Well that was fun.
Watching the Pistons soundly handle the two-time returning champion Golden State Warriors on Saturday was an unusually low blood pressure-d affair. It felt more like the way Warriors fans have felt the last four years. Fun, exciting, a bit tense but never really in doubt, even when you look at the numbers and see that they didn’t even shoot that well.
Golden State kept threatening but Detroit calmly kept responding, parrying every blow with an assortment of line ups and styles that honestly must seem a bit disorienting for an opposing coach. The excitement in watching came less from a doubt of the outcome of the game and more from the lineups Dwane Casey threw out there and being fascinated by how the energy ebbed and flowed between them.
On one end of the spectrum you have with the very deliberate half court offense lead by the defacto point guard Blake Griffin, where he basically says “this is what we’re going to do, everytime”. On the other end you have the frenetic beautiful chaos of the second team lead by the roadrunner* speed of Ish Smith (meep meep!) which basically is “try to figure out what we’re doing here because even we don’t know exactly what’s going on”.
(*Hat tip to Mike Snyder)
Both styles are unsustainable for a complete game but work so well in tandem as complete changes of pace. And Casey masterfully was able to slide in combinations of those two offenses so things never got predictable, and the players seemed to thrive off of this, which is of course what is the inherent necessity of a system like that that works only because it never seems to stay the same. Players have to be ready to go with the flow because they never know exactly how long they’ll be out there or who they’ll be playing with.
There is a lot being said about the fact that the team now sits at a very similar record to the team that last year plummeted out of playoff contention seemingly immediately after pundits began to buy into the idea they were for real. The squad, especially the one on the floor, is not so different to the one from last year. But one key element (besides a Reggie Jackson injury) that does seem different is that the team seems to be gelling more than ever.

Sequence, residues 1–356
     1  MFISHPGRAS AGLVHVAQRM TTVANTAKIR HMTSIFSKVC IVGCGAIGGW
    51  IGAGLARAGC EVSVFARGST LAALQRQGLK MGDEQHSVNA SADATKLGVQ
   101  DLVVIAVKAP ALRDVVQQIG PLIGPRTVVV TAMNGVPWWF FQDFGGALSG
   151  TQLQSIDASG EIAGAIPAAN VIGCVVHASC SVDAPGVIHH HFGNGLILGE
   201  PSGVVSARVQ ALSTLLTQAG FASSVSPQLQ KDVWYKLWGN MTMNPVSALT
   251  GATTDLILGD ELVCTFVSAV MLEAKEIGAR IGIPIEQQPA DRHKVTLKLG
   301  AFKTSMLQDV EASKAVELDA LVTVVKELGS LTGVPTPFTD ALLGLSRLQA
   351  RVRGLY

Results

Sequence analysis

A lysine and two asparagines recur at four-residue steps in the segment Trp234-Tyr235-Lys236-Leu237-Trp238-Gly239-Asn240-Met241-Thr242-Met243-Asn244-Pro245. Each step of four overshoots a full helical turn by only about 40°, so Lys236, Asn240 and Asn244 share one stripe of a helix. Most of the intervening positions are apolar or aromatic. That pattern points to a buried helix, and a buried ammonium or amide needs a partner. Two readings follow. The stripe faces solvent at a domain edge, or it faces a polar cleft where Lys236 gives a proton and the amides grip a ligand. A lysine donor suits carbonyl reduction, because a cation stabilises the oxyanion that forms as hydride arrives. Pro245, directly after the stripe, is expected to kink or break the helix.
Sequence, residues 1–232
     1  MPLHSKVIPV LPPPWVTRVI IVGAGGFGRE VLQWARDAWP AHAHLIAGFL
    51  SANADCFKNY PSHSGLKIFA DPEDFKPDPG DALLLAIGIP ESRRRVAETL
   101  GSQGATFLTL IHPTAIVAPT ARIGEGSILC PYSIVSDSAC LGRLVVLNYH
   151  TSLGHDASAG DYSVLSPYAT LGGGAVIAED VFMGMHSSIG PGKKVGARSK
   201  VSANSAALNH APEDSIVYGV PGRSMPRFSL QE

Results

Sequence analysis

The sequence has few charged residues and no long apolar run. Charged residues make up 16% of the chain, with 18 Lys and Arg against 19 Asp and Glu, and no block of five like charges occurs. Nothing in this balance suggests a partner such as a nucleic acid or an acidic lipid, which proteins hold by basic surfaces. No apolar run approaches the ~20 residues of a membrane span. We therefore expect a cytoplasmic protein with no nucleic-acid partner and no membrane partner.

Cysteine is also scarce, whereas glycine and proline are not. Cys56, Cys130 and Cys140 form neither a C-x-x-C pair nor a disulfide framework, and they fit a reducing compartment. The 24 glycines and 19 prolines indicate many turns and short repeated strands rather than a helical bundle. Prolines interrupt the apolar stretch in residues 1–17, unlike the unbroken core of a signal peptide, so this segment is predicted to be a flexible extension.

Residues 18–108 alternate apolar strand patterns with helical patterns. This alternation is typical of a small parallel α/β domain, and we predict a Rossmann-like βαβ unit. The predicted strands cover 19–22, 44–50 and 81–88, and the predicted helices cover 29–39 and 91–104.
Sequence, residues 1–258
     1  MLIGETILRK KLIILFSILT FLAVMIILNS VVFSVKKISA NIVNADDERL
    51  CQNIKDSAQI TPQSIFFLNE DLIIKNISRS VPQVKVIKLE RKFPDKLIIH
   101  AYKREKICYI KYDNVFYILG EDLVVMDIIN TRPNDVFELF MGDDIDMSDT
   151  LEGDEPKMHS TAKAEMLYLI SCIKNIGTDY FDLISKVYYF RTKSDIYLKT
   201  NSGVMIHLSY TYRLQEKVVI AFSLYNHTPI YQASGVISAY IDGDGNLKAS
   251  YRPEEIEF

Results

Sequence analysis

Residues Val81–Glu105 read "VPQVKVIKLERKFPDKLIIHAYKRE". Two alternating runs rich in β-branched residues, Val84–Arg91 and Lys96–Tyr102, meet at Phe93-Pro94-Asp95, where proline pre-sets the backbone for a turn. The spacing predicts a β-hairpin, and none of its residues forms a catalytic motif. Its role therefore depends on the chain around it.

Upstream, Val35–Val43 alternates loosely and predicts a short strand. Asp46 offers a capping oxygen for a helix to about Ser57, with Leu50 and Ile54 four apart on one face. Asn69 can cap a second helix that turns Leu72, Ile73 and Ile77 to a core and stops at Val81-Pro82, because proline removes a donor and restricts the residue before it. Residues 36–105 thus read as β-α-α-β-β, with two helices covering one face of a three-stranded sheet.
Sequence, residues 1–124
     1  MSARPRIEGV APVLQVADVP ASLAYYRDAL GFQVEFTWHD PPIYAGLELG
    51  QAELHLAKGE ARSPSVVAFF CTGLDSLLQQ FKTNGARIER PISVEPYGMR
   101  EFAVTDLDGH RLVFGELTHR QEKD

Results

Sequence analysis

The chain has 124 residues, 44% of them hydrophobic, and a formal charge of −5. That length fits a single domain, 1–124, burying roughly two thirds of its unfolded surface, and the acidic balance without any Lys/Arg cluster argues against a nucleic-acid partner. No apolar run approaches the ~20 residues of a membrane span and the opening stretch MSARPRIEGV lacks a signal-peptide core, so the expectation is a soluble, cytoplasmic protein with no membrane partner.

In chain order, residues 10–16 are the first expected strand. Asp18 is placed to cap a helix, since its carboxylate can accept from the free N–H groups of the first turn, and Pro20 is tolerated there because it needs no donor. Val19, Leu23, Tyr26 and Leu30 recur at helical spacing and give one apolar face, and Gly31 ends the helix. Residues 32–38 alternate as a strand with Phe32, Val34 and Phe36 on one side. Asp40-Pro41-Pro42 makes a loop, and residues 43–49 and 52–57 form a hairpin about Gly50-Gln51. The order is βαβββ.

In a very telling account from former Piston SG great Richard “Rip” Hamilton when he sat down with George Blaha and Greg Kelser during their broadcast of the game on Saturday night he said there was a different energy on the bench this year. That the players were pulling for each other more than they had done in the past few years. Yeah, those would be the Stan Van Gundy years (at least).
Whether this is more to do with Casey or the other new members of the coaching staff or new vets or a training camp with Blake Griffin it’s impossible to know. But there seems to be a level of buy in from the players to trust each other and play a type of system like this, where playing time and lineups vary. You can’t play like this if they don’t.
Of course it’s easy to be excited after a win like this but what’s really encouraging is that their offensive numbers weren’t even that good. They were monsters on defense but that’s a whole other story.
But the system is starting to get there, and that’s what’s most exciting.
“Our guys understand their roles and they are accepting the role and being the most valuable player they can in that role,” Pistons coach Dwane Casey said. “We’re playing with energy and we were able to beat the champs on a night when we only shot 44 percent and 34 percent from the line.
“We know we can play better than this.”
Where the team goes from here is a mystery but the trajectory is a good one, and the man steering seems to be going for back-to-back Coach of the Year awards, although I imagine he’s just doing his job the only way he knows how (but wouldn’t that be a nice response to being fired from Toronto ?).
The rest of this next stretch of brutal matchups will let us know a lot more about where this team will end up after 82 games but this last one definitely whets the appetite.